What is a healthy mind in a world full of what seems like constant chaos? It's easy to feel like we're living in a world that's falling apart.
From the economy to terrorism and climate change, it sometimes feels like not even our best efforts can fix everything. But what if I told you there was something you could do for your mental health?
A way that would help you feel less anxious or stressed out all the time? That might sound far-fetched, but it is possible! It just takes some work on yourself, and here are 8 ways to start doing this.
1. Change your perspective
I'll give you another example of how I dealt with the belief that caused me to procrastinate. Some of us still procrastinate when we work on challenging projects.
Years ago, I had been putting off working on one of my projects for a while because I was scared it would take a lot of effort.
I realized that this was an irrational belief and replaced it with a rational one: "Even though this project is likely to take a lot of effort, it's also going to be fun and rewarding".
I then identified the situations and rewards that were causing me to procrastinate. I realized that what motivated me to procrastinate wasn't "fun and rewarding" but rather the fear of how hard it would be.
I also noticed that what was causing my occasional boredom at work was doing what I wanted, which made me feel a bit guilty, so I needed some time off before getting back into working on this project.
I compiled a list of what I wanted to do instead of what I was doing, what sources were causing me to procrastinate, and their motivations for procrastination.
After that, it was pretty easy to change my perspective from procrastinating on starting the project to start working on what I had wanted to do instead.
Here are some things you can do to change your perspective:
- Recognize what is causing your stress and understand what it is like to be in that state.
- Accept what you have been feeling. Don't punish yourself for what's going on.
- Find a way to let go of what's bothering you, even if it's something that seems impossible.
- Find what brings you joy and seek out those things.
- Try some of these deep breathing exercises to clear your mind.
The more you are willing to realize what's going on with yourself, the easier it will be to improve your mental health.
2. Eat healthy food and get enough sleep.
If you're feeling anxious, stressed and unhappy, it might be time to take a step back and work on what's going on.
The saying "you are what you eat" is as true for your mind as for your body. It's important to practice good self-care, which includes eating healthy food and Dr Barbara Becker Holstein, a licensed clinical psychologist and author of "The Stress Solution: A Step-by-Step Program to Preventing Stress and Anxiety", told the Huffington Post that practising positive thinking is what keeps you from feeling anxious or stressed out all the time. Also, take care of what you eat. The chemicals in what you eat have been shown to affect your mood. Even if you think what you're eating is healthy, it's essential to keep an eye out for what could negatively affect your mental state.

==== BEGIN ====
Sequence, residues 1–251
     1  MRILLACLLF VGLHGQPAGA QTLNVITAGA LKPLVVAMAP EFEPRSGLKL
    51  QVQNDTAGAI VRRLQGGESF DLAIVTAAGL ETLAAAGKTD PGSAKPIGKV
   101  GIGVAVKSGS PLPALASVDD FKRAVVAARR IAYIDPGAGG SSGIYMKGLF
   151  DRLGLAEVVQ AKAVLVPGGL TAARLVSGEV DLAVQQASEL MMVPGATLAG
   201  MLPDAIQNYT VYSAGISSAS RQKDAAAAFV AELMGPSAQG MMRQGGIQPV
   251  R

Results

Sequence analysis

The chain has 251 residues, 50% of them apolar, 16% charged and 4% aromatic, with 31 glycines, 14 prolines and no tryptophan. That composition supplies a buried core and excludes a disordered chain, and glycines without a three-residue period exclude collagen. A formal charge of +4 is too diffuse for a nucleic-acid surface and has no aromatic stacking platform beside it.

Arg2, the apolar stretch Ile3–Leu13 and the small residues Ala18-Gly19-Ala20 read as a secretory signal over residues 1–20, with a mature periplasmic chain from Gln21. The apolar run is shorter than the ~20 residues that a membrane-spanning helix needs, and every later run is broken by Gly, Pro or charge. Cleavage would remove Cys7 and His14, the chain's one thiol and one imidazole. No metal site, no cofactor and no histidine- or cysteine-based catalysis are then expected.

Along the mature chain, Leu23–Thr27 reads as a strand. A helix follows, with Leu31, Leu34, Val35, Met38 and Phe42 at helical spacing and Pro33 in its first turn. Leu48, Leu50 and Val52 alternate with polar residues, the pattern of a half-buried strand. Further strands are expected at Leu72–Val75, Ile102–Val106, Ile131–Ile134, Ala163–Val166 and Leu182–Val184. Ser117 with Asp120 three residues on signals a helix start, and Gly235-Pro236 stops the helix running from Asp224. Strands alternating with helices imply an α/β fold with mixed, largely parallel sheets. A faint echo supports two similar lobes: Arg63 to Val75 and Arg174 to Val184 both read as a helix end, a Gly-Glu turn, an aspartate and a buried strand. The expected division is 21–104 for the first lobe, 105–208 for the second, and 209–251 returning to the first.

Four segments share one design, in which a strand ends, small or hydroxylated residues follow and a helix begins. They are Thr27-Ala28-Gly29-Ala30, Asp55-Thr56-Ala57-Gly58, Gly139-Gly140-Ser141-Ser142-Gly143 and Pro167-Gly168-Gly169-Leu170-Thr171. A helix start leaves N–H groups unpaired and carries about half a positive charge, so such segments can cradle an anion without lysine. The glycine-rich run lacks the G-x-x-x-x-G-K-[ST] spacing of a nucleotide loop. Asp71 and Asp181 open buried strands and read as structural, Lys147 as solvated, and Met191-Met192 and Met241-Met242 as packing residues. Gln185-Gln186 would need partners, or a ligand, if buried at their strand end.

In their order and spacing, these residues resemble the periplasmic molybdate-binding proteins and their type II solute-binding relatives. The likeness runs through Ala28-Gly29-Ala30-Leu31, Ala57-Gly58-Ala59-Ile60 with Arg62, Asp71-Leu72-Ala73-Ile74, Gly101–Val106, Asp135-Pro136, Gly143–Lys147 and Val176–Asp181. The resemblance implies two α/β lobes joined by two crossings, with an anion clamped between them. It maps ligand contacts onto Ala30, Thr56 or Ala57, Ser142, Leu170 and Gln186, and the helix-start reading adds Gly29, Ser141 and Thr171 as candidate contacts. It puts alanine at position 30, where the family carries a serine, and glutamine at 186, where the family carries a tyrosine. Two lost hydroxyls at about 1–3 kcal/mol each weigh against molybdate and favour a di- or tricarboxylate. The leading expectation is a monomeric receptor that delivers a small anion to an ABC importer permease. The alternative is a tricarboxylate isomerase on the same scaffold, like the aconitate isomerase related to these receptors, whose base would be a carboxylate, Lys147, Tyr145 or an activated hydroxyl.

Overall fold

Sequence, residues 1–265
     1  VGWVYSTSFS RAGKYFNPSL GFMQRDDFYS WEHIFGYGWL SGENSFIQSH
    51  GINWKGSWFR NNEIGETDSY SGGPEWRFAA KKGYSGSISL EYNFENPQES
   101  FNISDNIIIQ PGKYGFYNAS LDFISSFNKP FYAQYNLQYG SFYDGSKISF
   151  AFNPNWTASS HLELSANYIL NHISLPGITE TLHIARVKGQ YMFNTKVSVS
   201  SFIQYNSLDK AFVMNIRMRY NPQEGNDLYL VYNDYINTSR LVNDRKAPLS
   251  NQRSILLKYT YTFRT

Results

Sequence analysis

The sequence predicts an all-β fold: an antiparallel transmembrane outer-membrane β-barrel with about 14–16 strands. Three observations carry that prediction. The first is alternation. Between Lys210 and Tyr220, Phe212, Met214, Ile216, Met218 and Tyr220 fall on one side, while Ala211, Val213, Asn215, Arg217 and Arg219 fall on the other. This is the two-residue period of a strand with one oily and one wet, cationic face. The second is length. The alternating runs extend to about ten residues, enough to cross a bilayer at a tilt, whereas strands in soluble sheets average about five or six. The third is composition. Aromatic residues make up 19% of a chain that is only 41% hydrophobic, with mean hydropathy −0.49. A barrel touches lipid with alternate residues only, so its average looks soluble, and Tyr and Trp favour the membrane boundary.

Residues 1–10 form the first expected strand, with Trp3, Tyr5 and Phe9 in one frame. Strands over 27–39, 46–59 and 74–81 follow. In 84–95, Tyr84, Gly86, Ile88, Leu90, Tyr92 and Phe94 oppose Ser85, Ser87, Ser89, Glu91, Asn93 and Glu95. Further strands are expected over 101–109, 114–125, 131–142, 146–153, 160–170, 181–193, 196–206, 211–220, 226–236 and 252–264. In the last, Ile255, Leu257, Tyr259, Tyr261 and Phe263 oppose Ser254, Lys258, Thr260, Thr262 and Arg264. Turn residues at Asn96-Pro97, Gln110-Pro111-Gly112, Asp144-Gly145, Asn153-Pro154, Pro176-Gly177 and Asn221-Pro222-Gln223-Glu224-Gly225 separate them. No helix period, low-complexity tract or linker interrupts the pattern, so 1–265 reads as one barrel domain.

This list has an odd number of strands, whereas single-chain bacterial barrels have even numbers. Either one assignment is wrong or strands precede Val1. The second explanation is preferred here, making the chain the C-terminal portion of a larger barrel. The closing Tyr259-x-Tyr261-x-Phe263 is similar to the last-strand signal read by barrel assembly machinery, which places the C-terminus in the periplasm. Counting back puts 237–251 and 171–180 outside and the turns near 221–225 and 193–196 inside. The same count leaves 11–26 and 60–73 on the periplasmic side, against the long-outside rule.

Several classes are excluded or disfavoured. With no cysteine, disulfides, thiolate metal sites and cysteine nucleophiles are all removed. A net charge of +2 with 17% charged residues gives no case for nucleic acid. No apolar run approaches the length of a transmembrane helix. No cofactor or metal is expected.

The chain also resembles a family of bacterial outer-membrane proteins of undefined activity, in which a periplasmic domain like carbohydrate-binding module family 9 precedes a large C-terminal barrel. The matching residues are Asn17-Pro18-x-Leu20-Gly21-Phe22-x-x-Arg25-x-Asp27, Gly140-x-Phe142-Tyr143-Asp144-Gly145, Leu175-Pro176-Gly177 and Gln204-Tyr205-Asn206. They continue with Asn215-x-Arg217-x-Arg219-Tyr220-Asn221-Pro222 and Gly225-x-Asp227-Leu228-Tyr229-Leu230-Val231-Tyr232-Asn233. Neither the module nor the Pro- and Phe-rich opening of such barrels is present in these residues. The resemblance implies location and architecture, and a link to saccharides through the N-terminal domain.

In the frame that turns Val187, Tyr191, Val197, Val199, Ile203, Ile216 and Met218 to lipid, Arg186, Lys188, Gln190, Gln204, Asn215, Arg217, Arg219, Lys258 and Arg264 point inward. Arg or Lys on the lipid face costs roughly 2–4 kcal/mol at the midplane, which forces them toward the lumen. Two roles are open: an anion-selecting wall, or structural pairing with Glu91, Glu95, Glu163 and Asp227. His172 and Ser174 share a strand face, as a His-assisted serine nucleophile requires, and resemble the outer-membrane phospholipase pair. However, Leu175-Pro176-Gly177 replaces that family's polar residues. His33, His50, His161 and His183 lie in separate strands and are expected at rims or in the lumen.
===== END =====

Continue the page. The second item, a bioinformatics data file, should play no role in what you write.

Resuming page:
3. Exercise regularly
Dr Barbara Becker Holstein, a licensed clinical psychologist and author of "The Stress Solution: A Step-by-Step Program to Preventing Stress and Anxiety", told the Huffington Post that practising positive thinking is what keeps you from feeling anxious or stressed out all the time.
Also, take care of what you eat. The chemicals in what you eat have been shown to affect your mood. Even if you think what you're eating is healthy, it's essential to keep an eye out for what could negatively affect your mental state.
Exercising regularly is an excellent way to improve and maintain your mental health. Exercise has been linked to improved mood, better sleep, reduced anxiety and depression and increased productivity.
Start by following a workout routine that suits what you want to get out of it (weight loss? muscle building? improved flexibility?) and what you're capable of physically.
It would help if you also kept in mind what time of day you're most likely to have the opportunity to exercise.
Maybe your work or school schedule doesn't allow for a full hour at a time, so what are some smaller exercises that can be done during the work or school commute?
How long should your workouts be? It's up to you how often and how long you want to exercise, but you should be getting your minimum requirement of 150 minutes of exercise per week.
If you're not used to exercising, then start slow by doing what you can for a few minutes at a time and gradually work up to longer workouts.
Pick an activity that suits what you want out of it (maybe weight lifting? swimming? dancing?) and what you're capable of physically.
You should also keep in mind what time of day you're most likely to have the opportunity to exercise.
Also, make sure your workout is targeted towards what you want to get out of exercising. Maybe your goal is weight loss? Or perhaps you want to be more flexible and improve your cardiovascular health?
4. Spend time with friends and family
You can try spending time with friends and family. When people ask what I do to help myself feel better, this is what I tell them.
One of the most rewarding things you can do for your mental health is to take care of it.
This includes being gentle with yourself and doing what you need to do to take care of yourself first to be there for others when they need you.
Spending time with friends and family is how many people find a great deal of happiness and reward.
I find that time spent with friends and family helps me to relieve stress, too.
Long-term relationships can be healthy for your mental health, in addition to being important sources of other benefits like social connections or access to a support network.
Spending time with friends and family allows you to share what's going on in your life and what's on your mind.
This can help you feel heard and understood, which makes us all so crucial to each other in the first place.
When you're feeling stressed out, just talking about what's going on with a supportive person who cares about what happens to you can have measurable benefits for your mental health.
Studies indicate that one of the best things you can do to improve your mental health is to talk about what's going on in your life.
When I'm feeling stressed out, what I need is just some time to kind of unwind and relax. Spending time with friends or family helps me stay grounded.
People who are depressed sometimes feel like they're alone, and it can sometimes be hard to find someone you feel comfortable talking to.
I've been there, and what made a difference in my life was finding the courage to confess what I'm going through and allowing myself access to what I needed most: support from others who care about what happens to me.
Although what worked for me may not work for you, what matters most is what will work for you.